Tag Archives: eagle

Angel Cookie

“Cookie” 6″ x 6″, silverpoint and goldpoint on prepared bristol board.

This is the final family member in my paintings and drawings of the 2019 Big Bear eagles. Shown here is Angel Cookie, forever 42 days old. The drawing is done using only a small piece of sterling silver, and a small piece of 14k gold. The silver will tarnish and darken some, but will still reflect light (as shown below). The pale layer of gold will never tarnish; you can almost see it in this image, along the back of the head, the eye, and the breast. The gold can also be seen in the larger image below, taken in sunlight too bright for the camera to handle. The method is called “silverpoint” or “metalpoint” and was used during the Renaissance. It’s said to be the most difficult method of drawing (they’re all difficult for me!). This is my 2nd attempt at silverpoint and there’s some surface damage and other problems. But, hey. It’s Angel Cookie. And he reflects pure sunlight. (I had to wear shades to take the sunlight photo.)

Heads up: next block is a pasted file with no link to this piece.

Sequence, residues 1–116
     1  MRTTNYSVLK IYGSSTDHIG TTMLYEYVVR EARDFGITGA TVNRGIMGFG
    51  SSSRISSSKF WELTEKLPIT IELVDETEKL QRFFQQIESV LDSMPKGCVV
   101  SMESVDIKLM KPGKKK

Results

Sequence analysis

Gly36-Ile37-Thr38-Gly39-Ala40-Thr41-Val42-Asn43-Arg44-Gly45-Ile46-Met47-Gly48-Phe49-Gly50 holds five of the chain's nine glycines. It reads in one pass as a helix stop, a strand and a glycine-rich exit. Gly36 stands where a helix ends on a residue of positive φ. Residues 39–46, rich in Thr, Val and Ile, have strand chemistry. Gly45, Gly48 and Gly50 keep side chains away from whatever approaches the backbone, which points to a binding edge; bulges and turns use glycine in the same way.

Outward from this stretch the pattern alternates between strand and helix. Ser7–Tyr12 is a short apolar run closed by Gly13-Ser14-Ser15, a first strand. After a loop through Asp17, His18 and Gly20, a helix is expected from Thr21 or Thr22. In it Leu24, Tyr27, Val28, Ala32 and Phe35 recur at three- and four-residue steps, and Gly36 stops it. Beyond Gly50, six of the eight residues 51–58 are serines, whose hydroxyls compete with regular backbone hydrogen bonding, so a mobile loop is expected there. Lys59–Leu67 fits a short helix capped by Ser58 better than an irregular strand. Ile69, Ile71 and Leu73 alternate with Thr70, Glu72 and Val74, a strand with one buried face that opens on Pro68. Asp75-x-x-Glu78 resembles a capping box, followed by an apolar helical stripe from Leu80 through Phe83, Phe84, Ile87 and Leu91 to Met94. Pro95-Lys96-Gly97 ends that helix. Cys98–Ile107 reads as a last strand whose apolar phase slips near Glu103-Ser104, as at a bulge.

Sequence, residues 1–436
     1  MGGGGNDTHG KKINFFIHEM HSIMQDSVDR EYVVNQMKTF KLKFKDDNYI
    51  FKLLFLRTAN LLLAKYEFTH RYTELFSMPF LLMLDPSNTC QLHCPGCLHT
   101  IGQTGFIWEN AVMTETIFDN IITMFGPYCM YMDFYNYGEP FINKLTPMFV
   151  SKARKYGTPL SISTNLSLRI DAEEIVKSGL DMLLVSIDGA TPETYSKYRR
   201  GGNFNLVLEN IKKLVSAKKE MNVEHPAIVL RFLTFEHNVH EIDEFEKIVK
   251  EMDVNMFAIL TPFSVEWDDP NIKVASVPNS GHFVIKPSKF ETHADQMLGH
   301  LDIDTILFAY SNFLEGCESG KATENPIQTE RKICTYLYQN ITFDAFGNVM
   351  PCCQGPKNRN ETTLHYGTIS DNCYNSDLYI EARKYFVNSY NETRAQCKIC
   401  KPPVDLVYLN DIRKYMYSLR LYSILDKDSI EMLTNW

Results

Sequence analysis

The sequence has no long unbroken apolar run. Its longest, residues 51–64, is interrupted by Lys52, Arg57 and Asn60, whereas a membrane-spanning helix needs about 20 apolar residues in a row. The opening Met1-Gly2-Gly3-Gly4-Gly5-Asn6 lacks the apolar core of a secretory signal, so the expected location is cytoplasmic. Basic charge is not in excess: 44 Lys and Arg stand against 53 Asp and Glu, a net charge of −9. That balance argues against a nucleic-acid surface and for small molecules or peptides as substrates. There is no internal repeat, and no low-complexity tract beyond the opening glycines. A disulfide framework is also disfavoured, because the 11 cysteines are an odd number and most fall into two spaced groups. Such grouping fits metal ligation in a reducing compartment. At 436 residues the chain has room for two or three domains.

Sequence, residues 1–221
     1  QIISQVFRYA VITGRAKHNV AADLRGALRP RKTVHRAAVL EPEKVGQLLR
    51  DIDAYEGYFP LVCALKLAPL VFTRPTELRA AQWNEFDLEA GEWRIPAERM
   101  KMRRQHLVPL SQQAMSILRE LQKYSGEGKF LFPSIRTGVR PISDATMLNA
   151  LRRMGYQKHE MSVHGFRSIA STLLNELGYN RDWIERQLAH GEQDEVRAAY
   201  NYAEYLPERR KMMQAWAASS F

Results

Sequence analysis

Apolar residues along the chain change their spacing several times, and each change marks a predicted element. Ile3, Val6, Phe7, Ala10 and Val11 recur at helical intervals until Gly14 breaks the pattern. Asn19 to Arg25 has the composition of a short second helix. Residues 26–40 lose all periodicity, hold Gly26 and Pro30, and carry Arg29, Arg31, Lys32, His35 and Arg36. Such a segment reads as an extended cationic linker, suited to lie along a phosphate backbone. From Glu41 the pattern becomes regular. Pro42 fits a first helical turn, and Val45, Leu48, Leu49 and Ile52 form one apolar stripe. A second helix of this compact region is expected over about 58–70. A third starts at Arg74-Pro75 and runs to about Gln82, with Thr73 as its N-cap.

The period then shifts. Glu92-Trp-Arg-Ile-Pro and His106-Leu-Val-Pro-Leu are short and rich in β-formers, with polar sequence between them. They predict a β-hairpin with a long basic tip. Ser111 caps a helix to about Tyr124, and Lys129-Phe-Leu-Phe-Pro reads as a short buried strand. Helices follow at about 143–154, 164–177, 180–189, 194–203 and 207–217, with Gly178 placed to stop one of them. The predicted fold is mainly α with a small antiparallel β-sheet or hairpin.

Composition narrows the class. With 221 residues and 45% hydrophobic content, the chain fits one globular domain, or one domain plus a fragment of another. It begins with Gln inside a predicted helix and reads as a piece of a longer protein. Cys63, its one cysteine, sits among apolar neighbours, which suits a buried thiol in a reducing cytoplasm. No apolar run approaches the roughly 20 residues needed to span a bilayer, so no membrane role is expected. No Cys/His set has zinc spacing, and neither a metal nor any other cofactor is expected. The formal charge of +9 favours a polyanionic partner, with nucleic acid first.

NFS

Liberty Readies the Nest

“Liberty Readies the Nest,” 5″ x 7″, acrylic on MDF

The bald eagle builds the largest nest of any North American bird, up to 13 feet deep, 8.2 feet wide, and 1.1 tons in weight. And nests are used year after year, with about 2 feet of added branches and “fluff” each season.

Liberty is shown here delivering soft pine straw to her nest just before sundown. It won’t be long, once eagles begin restoring their nests, before eggs are laid. In this case, eaglets Ch’áak’ and Anáaski (Tlingit for “Eagle” and “Alaska”) arrived soon after the nest was restored, comfortable, safe, and near water for fresh fish.

On Hold

Simba the Sky King

“Simba the Sky King” 6-1/2″ x 6-1/2″, Prismacolor on black paper.

A young eagle learning about flying—he couldn’t fly when I drew this, but he was learning a few wing skills, and strengthening his muscles for the big day. High winds helped him learn to balance by using his wings. He came into the world with a sibling who perished due to a late snow and freezing temperatures, though the mother did her best to keep them warm. This one continued on alone, growing and learning day by day. He won’t be mature for another four years, but first things first—he needs to survive the high mortality rate of an eagle’s first year. He fledged this past week, but returns to the nest for food and sleeps there with a parent.

NFS